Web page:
Articles by Jeremy Z.R. Han in JoVE
Dissecting Multi-protein Signaling Complexes by Bimolecular Complementation Affinity Purification (BiCAP) Jordan F. Hastings1, Jeremy Z.R. Han1, Robert F. Shearer1,2, Sean P. Kennedy1,3, Mary Iconomou1,4, Darren N. Saunders5, David R. Croucher1,6,7 1The Kinghorn Cancer Centre, Garvan Institute of Medical Research, 2Ubiquitin Signaling Group, Protein Signaling Program, The Novo Nordisk Foundation Center for Protein Research, Faculty of Health and Medical Sciences, University of Copenhagen, 3RCSI Molecular Medicine, Royal College of Surgeons in Ireland, 4Department of Epigenetics, Max Planck Institute of Immunobiology and Epigenetics, 5School of Medical Sciences, University of New South Wales, 6St Vincent's Hospital Clinical School, University of New South Wales, 7School of Medicine and Medical Science, University College Dublin This manuscript describes the protocol for Bimolecular Complementation Affinity Purification (BiCAP). This novel method facilitates the specific isolation and downstream proteomic characterization of any two interacting proteins, while excluding un-complexed individual proteins as well as complexes formed with competing binding partners.
Other articles by Jeremy Z.R. Han on PubMed
Bimolecular Complementation Affinity Purification (BiCAP) Reveals Dimer-specific Protein Interactions for ERBB2 Dimers Science Signaling. 07, 2016 | Pubmed ID: 27405979 The dynamic assembly of multiprotein complexes is a central mechanism of many cell signaling pathways. This process is key to maintaining the spatiotemporal specificity required for an accurate, yet adaptive, response to rapidly changing cellular conditions. We describe a technique for the specific isolation and downstream proteomic characterization of any two interacting proteins, to the exclusion of their individual moieties and competing binding partners. We termed the approach bimolecular complementation affinity purification (BiCAP) because it combines the use of conformation-specific nanobodies with a protein-fragment complementation assay with affinity purification. Using BiCAP, we characterized the specific interactome of the epidermal growth factor receptor (EGFR) family member ERBB2 when in the form of a homodimer or when in the form of a heterodimer with either EGFR or ERBB3. We identified dimer-specific interaction patterns for key adaptor proteins and identified a number of previously unknown interacting partners. Functional analysis for one of these newly identified partners revealed a noncanonical mechanism of extracellular signal-regulated kinase (ERK) activation that is specific to the ERBB2:ERBB3 heterodimer and acts through the adaptor protein FAM59A in breast cancer cells.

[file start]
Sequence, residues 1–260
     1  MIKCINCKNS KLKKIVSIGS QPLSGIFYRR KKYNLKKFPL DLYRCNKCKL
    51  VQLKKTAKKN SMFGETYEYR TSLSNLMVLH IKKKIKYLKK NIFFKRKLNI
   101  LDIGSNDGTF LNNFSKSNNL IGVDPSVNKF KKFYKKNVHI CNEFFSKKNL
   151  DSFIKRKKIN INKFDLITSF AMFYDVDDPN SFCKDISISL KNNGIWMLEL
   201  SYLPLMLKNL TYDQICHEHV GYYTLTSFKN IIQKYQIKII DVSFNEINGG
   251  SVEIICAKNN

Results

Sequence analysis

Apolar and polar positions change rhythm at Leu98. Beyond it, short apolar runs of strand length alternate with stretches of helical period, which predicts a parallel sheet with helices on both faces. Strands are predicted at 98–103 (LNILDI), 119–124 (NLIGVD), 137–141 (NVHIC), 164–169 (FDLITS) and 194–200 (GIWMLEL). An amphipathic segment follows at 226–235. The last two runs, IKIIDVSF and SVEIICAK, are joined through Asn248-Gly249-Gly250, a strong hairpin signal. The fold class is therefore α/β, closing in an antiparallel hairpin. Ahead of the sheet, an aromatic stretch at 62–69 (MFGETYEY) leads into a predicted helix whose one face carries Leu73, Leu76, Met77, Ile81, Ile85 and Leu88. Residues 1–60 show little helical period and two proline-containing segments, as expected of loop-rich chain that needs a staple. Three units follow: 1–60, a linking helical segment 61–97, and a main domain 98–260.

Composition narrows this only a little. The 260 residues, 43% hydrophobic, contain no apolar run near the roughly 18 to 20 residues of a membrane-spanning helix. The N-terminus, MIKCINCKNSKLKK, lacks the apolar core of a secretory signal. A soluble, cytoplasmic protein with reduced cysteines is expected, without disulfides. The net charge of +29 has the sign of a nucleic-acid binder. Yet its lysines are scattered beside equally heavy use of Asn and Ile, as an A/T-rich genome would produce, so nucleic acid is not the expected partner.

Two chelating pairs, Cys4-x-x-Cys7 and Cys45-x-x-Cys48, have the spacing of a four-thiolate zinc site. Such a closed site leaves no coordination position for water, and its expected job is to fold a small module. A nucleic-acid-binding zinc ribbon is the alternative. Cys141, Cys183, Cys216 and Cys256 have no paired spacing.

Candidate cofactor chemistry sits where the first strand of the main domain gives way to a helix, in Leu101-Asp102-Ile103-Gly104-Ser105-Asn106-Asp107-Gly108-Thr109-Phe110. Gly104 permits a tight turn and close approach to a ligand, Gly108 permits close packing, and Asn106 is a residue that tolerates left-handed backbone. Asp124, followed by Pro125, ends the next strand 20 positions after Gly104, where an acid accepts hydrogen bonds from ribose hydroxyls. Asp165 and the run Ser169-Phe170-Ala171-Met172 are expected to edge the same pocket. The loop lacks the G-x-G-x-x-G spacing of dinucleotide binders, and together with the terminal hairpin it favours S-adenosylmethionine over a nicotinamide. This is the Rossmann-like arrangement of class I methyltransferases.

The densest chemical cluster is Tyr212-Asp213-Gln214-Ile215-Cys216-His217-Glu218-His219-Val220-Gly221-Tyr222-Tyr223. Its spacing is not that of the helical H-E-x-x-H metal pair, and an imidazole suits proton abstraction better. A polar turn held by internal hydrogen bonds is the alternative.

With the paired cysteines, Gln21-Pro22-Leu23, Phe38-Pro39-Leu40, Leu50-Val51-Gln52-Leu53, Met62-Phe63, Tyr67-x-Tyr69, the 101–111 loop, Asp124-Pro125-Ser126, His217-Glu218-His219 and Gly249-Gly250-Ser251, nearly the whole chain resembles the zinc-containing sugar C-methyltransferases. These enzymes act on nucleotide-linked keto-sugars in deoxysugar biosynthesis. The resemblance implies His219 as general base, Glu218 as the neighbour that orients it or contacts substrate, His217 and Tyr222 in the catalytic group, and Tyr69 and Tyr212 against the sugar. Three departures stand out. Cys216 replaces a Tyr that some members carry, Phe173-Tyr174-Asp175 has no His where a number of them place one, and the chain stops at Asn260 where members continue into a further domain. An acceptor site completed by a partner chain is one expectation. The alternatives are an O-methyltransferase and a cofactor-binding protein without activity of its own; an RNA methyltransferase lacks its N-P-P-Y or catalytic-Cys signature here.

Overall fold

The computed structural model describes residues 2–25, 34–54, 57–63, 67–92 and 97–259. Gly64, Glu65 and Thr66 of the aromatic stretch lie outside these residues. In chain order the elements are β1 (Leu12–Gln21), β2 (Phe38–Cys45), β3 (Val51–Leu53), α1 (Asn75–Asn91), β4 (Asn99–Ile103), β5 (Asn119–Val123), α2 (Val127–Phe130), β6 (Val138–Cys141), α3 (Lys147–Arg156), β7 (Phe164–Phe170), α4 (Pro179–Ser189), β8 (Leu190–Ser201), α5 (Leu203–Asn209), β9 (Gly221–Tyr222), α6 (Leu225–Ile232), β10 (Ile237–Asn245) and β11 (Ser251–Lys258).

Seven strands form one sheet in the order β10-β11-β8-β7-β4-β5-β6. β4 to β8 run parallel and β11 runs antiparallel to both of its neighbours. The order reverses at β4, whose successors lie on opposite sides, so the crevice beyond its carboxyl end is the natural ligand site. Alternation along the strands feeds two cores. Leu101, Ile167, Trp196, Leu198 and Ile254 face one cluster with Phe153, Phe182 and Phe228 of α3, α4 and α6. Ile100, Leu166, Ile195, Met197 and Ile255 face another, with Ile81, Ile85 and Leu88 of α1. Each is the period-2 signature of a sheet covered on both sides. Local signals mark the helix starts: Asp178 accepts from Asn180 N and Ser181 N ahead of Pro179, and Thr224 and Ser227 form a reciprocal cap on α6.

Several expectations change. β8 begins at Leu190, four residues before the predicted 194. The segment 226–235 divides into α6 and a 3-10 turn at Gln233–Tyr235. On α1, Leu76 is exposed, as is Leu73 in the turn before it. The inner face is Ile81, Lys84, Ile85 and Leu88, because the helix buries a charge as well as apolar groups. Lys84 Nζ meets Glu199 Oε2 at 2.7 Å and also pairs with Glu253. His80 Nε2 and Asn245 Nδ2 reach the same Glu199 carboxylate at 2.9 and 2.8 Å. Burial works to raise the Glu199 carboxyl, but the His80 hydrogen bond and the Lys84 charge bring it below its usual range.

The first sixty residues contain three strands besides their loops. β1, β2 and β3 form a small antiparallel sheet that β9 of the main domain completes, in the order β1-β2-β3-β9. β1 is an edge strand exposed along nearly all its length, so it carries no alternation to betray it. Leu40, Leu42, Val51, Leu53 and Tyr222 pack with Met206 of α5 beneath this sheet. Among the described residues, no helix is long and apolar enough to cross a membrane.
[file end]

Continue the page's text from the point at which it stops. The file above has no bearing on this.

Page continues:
The Under-Appreciated Promiscuity of the Epidermal Growth Factor Receptor Family Frontiers in Cell and Developmental Biology. 2016 | Pubmed ID: 27597943 Each member of the epidermal growth factor receptor (EGFR) family plays a key role in normal development, homeostasis, and a variety of pathophysiological conditions, most notably in cancer. According to the prevailing dogma, these four receptor tyrosine kinases (RTKs; EGFR, ERBB2, ERBB3, and ERBB4) function exclusively through the formation of homodimers and heterodimers within the EGFR family. These combinatorial receptor interactions are known to generate increased interactome diversity and therefore influence signaling output, subcellular localization and function of the heterodimer. This molecular plasticity is also thought to play a role in the development of resistance toward targeted cancer therapies aimed at these known oncogenes. Interestingly, many studies now challenge this dogma and suggest that the potential for EGFR family receptors to interact with more distantly related RTKs is much greater than currently appreciated. Here we discuss how the promiscuity of these oncogenic receptors may lead to the formation of many unexpected receptor pairings and the significant implications for the efficiency of many targeted cancer therapies.